A Minnesota Law degree leads to a Super Bowl ring

Emily Lekahal stands in front of football jerseys and helmets in a display case

Emily Lekahal ’16 may not have earned her Super Bowl ring by scoring a winning touchdown, but make no mistake, there was still plenty of practice involved—just not the kind that takes place on the field. While studying at Minnesota Law, Lekahal completed an internship with the Minnesota Vikings, which, she says “was the best thing that could have happened for my career.”
Knowing that she wanted a career in sports law, Lekahal says that Minnesota Law “just checked all the boxes.”

Why did you choose the University of Minnesota?

I spent a lot of time trying to find the right law school fit for me. Minnesota just checked all the boxes: located in a big city, top rankings, national reach, Big 10 conference, professional sports teams, Fortune 500 businesses, and, lastly, genuinely good people who cared about your future, from professors to career counselors. I would not have landed my dream job in the NFL without going to Minnesota Law.

How did you get your job with the Buccaneers?

My internship with the Minnesota Vikings was the best thing that could have happened for my career. The connections I made, along with the work experience I got, helped me land my job with the LPGA and the Buccaneers. My advice is to give an internship your best and create meaningful relationships that last.

What’s a typical day on the job?

For better or worse, there is no typical day. The majority of my job consists of contracts, whether drafting, negotiating, or reviewing. At the end of the day, the Tampa Bay Buccaneers is a business, so our job is managing risk for the company. This comes with many different hats.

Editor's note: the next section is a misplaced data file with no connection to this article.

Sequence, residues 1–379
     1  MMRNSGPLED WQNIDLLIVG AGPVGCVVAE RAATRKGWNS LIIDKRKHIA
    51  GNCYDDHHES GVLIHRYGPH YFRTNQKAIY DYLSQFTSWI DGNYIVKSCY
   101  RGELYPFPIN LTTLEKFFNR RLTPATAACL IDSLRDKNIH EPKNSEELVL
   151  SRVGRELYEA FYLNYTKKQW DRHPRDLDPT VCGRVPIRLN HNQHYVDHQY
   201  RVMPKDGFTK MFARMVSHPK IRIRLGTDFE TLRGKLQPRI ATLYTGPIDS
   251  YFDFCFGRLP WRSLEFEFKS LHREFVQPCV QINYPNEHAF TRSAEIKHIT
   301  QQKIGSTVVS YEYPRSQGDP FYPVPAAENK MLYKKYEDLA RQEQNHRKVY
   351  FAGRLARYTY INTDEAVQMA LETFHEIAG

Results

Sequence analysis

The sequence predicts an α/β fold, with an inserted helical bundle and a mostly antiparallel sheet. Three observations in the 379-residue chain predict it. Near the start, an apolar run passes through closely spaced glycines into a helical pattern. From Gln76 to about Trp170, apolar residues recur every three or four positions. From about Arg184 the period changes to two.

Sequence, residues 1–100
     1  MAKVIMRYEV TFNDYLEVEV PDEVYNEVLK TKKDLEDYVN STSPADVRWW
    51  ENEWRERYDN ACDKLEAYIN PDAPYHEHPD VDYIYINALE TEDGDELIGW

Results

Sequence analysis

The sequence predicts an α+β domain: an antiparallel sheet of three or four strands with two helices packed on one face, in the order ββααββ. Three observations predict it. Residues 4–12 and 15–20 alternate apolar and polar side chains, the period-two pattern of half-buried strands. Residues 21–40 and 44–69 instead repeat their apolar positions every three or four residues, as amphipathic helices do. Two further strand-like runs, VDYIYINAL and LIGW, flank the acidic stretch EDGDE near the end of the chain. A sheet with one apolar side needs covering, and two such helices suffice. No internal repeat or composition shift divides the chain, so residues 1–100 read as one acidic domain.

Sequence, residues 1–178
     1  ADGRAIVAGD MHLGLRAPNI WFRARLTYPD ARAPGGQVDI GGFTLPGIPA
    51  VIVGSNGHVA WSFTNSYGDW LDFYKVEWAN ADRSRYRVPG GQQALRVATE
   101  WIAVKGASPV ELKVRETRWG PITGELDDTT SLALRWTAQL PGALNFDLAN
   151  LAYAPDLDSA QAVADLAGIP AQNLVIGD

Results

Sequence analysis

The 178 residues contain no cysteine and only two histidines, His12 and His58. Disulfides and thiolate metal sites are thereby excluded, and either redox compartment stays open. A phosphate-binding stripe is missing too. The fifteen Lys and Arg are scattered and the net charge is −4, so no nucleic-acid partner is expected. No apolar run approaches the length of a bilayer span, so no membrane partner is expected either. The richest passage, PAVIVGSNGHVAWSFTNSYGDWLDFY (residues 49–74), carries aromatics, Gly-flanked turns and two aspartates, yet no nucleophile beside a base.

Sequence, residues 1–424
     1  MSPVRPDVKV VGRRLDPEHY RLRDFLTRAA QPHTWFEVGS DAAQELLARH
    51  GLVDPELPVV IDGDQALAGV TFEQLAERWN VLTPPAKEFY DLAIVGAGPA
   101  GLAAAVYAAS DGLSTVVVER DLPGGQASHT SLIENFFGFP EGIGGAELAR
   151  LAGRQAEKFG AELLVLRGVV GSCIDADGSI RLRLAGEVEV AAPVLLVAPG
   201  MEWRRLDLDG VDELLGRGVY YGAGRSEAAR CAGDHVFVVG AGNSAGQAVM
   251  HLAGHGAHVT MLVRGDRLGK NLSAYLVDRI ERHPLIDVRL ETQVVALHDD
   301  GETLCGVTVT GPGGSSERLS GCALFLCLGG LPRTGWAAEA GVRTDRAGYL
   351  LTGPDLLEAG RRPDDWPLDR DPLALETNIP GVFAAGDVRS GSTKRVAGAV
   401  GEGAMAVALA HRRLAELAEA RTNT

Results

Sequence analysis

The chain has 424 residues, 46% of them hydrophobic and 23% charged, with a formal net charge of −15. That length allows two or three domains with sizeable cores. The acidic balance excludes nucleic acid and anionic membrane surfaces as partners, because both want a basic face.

What advice would you give to a law student or a newer lawyer looking to work in the sports industry?

The good thing about breaking into the sports industry is that there isn’t a standard path. Being a sports lawyer means working with so many different sides of the law that no experience is bad or disadvantageous for a career in sports. And just like anything, a lot of it is who you know. While in law school I met so many sports and entertainment professionals through the Sports Law Society who I’m still in touch with today. Always keep networking.

What are a couple of your favorite memories of your time at Minnesota Law?

Sticking with the sports theme, some of my favorite moments were during campus intramurals. Our section would have a team each semester (volleyball, basketball, kickball), and it was such a great time to blow off some steam with your classmates.

Minnesota Law is a place known for putting an emphasis on leadership. What does being a good leader mean to you?

I think the most important characteristic of a good leader is credibility. Good leaders gain credibility through doing their job well, holding themselves accountable, and treating people with respect under all circumstances. When a leader lacks that credibility, I think trust becomes an issue, which can hurt retention and the organization’s culture.

This story was adapted from Minnesota Law alumni magazine.